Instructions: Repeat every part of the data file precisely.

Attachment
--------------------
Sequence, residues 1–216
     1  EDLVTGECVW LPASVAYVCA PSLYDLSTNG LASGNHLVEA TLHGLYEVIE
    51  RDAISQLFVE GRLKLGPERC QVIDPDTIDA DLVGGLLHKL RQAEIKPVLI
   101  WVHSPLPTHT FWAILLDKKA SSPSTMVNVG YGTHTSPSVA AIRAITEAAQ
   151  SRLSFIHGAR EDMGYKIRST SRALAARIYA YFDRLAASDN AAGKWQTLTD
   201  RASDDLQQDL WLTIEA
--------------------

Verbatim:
Sequence, residues 1–216
     1  EDLVTGECVW LPASVAYVCA PSLYDLSTNG LASGNHLVEA TLHGLYEVIE
    51  RDAISQLFVE GRLKLGPERC QVIDPDTIDA DLVGGLLHKL RQAEIKPVLI
   101  WVHSPLPTHT FWAILLDKKA SSPSTMVNVG YGTHTSPSVA AIRAITEAAQ
   151  SRLSFIHGAR EDMGYKIRST SRALAARIYA YFDRLAASDN AAGKWQTLTD
   201  RASDDLQQDL WLTIEA